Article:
April 4th, 2009
You might have noticed that I’m falling into this trend where I write several posts discussing the same game but from different perspectives. Previously I might have written one post and then left it at that, but now I can’t help but want to pick apart a game from multiple angles, it’s a good curse to have I think. Some of these games I’m considering re-approaching for a third or more time to attack another interesting feature.
The new GTA: Chinatown Wars is a game that I imagined would have resulted in at least six separate articles, strangling myself in a tangled web of interconnecting ideas. In order to add a new twist to my one-sided ramblings, I’ve enlisted Steven O’Dell from the Raptured Reality blog to help flesh out a host of ideas. We’re playing through this massive game together, exchanging ideas along the way. If you too are enjoying this title, then feel free to jump into the discussion via the comment form. You can read our first two responses below:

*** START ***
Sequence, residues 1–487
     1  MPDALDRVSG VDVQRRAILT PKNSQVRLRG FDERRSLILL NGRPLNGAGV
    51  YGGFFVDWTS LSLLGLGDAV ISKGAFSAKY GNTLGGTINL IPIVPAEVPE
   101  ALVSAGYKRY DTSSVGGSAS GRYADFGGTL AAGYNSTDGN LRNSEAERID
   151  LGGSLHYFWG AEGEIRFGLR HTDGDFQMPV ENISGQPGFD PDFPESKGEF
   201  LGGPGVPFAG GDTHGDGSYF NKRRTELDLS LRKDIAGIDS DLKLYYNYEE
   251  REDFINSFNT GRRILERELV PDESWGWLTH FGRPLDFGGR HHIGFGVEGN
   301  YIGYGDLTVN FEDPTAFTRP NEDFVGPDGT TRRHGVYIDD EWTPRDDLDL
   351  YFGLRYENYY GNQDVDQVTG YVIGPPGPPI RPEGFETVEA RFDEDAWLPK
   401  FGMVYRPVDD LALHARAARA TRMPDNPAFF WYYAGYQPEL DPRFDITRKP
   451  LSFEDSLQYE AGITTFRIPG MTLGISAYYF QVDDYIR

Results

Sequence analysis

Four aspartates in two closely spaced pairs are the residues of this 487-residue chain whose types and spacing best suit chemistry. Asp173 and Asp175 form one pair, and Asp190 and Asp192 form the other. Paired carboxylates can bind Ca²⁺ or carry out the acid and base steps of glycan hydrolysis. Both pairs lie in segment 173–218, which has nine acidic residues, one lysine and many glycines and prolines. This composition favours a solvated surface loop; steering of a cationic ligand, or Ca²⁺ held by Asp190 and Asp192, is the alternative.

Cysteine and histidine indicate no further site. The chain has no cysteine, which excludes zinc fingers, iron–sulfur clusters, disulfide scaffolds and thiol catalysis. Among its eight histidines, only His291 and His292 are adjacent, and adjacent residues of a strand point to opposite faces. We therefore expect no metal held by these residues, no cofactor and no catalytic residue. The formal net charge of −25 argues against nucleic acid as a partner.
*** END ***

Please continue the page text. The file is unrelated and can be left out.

Daniel: G’day Steve, thanks for joining me on this joint play through of GTA: Chinatown Wars. I’m sure it’ll be great, but to start off with I reckon we ought to provide a bit of context on our past experiences with the franchise and then based on that, what we’re hoping to get out of this game and the ensuing discussion.